5 November 2010
The one night of the year that we regret living in a thatched house. We’ve been here for 46 years and always pray for Rain on 5 November. which is a bit spoilsport for the firework parties but a stray hrocket could set our roof on fire and the house would be gutted in no time. Indeed, it would not be the first time that it had been burned down. 50 years or so before we moved in the roof had just been re-thatched and there was a pile of waste straw waiting to be removed on the path by the house. The young boys, who were living at the time, thought it would be rather fun to have a bonfire. They did and the flames leapt up and caught the fresh straw on the roof with devastating effects. Fortunately, being a very old oak frame, made mainly from old ships timbers which themselves were probably 100 years when they went into the house, the roof went off like a chimney leaving the structure of the house pretty well unscathed. Nevertheless, this is not the sort of experience we want so we are always vigilant on Guy Fawkes’ Day.
Lying awake last night, breathing happily on my Nippy, I couldn’t help mulling over the experience I had had in hospital. I was in a six bed Ward and the other five beds were filled with gentleman who I can only describe as grossly obese. Most of them would have weighed more than twice my weight, I suspect between 20 and 30 kg. Now it is quite possible that one or more had some medical condition that accounted for their size but undoubtedly the bulk of them were self-inflicted. They were guzzling sweet sticky drinks, eating extra food, taking up to 5 teaspoons of sugar in their tea etc. One of was even sitting up in bed rolling his own cigarettes which, I suspect he smoked, when he disappeared Â every couple of hours or so. All of these patients were on some sort of ventilation due to breathing problems, some certainly had diabetes and all, I suspect, were on disability benefit as most of them were relatively young men and they were far too fat to work. From the conversations they had, most of them seem to spend the day watching television in between the Â times that their carers — paid by us — came in to attend to their every need. It might be an old-fashioned approach, but frankly, if I was a doctor I would be inclined to get these people to try to pull themselves together and go on a serious diet before I would be prepared to spend public money keeping them alive but then there are their human rights to consider apparently!
I have been receiving quite a lot of comments on my blog recently,Â all of them, I’m glad to say you were kind. I should perhaps explain what happens when a reader make a comments at the end of a particular entry. I sent an e-mail with the comment on it. I am then in a position to approve, edit or trash it. I’m glad to say I have never yet needed either to edit or to trash any comment. It is only after I approve it that it appears on the blog itself then there is a box for me to reply to that comment. As I never fail to respond to any such comment it is always worried me that the person who has made it may not be aware that they will receive their answer by going to their original comment on the date that they made it, within the blog where they will then see my reply. If the reader does not realise that this is a process they might consider that I have been rude enough to ignore their comic in some instances it is a cri de couer and I should hate that anyone should consider I was heartless enough not to respond.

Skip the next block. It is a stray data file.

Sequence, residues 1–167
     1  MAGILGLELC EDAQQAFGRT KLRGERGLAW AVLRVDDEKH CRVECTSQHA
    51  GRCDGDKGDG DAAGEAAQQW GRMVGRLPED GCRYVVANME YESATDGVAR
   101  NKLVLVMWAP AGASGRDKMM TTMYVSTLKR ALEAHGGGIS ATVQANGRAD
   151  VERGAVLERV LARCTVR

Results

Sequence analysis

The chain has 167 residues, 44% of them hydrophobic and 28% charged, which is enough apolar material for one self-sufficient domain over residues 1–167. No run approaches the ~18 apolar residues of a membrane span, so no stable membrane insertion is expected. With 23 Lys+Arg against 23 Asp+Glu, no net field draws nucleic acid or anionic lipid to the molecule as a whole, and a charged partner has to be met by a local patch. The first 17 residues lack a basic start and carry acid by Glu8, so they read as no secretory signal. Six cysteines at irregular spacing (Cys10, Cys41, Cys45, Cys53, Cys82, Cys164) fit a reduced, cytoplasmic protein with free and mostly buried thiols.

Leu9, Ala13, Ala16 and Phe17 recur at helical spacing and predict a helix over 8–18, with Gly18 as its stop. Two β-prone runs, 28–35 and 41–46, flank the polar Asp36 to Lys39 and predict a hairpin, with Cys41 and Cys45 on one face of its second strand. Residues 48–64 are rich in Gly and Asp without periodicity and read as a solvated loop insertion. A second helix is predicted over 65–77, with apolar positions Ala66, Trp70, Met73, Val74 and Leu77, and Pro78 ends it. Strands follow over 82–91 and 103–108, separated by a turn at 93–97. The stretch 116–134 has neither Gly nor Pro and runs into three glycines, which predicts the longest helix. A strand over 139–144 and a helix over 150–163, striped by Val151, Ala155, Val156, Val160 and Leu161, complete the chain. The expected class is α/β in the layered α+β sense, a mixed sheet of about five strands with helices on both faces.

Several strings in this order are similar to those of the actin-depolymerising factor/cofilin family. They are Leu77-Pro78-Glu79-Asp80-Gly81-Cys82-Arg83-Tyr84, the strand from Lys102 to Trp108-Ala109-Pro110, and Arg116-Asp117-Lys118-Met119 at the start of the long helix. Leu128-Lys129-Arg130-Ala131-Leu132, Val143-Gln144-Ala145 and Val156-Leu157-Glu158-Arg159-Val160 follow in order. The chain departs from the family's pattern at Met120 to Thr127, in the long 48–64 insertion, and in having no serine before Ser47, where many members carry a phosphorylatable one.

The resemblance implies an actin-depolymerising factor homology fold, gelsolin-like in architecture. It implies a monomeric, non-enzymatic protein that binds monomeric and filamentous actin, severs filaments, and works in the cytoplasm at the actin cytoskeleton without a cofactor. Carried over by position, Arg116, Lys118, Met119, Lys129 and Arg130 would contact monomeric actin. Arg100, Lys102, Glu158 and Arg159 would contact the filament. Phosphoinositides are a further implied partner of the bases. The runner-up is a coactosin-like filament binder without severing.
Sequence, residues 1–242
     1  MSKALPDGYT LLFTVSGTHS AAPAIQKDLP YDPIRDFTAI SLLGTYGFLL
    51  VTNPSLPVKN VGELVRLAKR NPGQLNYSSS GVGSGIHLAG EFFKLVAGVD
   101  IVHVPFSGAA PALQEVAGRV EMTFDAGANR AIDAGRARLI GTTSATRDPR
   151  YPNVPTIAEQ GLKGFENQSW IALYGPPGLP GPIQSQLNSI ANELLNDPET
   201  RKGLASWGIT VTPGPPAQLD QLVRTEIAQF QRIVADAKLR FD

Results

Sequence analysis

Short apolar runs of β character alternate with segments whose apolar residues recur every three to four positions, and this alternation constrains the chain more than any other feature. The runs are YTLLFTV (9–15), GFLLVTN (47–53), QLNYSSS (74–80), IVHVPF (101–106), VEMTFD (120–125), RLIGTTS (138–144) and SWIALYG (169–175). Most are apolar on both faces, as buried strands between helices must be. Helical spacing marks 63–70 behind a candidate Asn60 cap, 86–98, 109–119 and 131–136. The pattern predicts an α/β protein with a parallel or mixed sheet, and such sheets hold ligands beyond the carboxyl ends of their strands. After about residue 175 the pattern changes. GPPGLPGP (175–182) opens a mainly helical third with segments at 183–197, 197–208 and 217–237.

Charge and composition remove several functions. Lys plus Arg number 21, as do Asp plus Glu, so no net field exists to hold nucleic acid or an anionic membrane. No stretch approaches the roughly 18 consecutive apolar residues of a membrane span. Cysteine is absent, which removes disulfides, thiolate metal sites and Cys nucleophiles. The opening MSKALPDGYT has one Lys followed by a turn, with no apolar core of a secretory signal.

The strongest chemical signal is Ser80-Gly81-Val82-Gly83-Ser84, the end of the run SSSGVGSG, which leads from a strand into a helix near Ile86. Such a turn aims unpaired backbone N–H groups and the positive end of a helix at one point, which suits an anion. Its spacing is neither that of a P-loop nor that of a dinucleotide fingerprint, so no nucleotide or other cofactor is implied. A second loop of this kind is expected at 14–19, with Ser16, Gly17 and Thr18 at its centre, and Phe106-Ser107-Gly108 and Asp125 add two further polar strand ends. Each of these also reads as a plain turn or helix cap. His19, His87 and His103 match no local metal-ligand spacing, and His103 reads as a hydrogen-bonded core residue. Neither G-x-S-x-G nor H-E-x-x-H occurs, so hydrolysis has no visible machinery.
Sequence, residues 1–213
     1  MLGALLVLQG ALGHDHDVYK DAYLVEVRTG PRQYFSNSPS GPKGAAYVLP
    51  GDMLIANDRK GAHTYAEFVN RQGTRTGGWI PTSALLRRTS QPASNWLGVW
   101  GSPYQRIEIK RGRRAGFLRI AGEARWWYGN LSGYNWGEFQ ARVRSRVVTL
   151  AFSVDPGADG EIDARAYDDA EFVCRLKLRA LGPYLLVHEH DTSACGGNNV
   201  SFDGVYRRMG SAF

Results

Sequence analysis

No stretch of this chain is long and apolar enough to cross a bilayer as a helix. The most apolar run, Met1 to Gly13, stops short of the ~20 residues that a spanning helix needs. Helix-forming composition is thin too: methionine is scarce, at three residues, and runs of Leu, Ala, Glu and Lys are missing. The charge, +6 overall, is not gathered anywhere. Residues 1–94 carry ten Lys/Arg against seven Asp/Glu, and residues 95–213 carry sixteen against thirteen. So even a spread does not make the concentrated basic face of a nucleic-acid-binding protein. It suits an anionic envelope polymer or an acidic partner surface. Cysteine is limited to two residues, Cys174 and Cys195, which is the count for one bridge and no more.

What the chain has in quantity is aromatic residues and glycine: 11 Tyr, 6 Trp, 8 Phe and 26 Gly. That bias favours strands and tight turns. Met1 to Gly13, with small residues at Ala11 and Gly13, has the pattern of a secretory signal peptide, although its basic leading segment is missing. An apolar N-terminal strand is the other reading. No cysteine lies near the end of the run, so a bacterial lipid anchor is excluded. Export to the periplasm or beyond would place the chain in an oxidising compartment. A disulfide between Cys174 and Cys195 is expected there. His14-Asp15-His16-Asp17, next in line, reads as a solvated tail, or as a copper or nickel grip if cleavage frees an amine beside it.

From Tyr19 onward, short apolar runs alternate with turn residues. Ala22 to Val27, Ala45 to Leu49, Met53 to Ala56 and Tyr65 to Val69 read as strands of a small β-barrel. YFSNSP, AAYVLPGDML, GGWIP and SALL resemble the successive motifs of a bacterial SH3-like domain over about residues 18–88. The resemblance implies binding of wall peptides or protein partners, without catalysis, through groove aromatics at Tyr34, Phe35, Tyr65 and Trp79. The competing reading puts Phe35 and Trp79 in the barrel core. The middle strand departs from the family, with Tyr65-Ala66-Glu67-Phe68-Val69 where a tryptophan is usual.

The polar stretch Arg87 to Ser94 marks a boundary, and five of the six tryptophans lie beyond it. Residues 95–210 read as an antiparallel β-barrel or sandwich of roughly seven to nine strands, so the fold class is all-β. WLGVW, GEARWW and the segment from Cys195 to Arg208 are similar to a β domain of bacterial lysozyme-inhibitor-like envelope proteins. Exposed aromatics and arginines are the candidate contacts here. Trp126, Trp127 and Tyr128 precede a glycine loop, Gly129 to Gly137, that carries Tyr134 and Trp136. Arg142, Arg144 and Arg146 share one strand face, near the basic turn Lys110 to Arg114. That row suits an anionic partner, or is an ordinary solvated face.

Thank goodness, as I complete today’s entry, it is raining. Having said that we have a slight problem this year with Guy Fawkes Day falling on Friday. It means to worrying evenings as many of the firework parties will be tomorrow on Saturday.
I’m an avid follower of your blog since you mentioned it some 12 months back at the Kenneth McQuillan lecture in Dublin where you raised a few eyebrows amongst the old boys with your jokes (I on the otherhand thought they were grand) – I admire your positivity and determination which is probably what draws me to the blog and as indeed do your many anecdotes – I couldnt agree more with today’s comments re your obese bedfellows in the hospital – I also finally listened to the recording of your phone in to the radio show in the US – brilliant – they were very dull and morbid before you came on – you could almost sense them mentally tut tutting when you mentioned the modified holder for your fat Monte Cristo !
Hope the roof is safe tonight and as a ‘young’ /aspiring arbitrator can I wish you the best for the future.
I am delighted that you are keeping up with my, Gerry. Thank heavens there was at least one member of the audience who appreciated my rather dry sense of humour. To be honest with you that lecture was a bit heavy with my jokes going down like a lead balloon.
Good luck with the arbitration.
Rather like you, IMark, I worried about the 4th of july, here in the states. I watered my roof (not thatch) and propertyâ€¦just in case any fireworks went astray. Tonight my horses are whinnying their salutations to other horses, in the distance. And I whinny my salutations to you, also in the distance! Breathe easy; you have many friends! Including me, a very ordinary person– surrounded by equine jumpers I can ill afford– in central California.
Bonne nuit, mon ami. c
You will be pleased to hear that we survived both firework nights, Carol. I love the sound of your horses. I used to play polo so I know what you mean.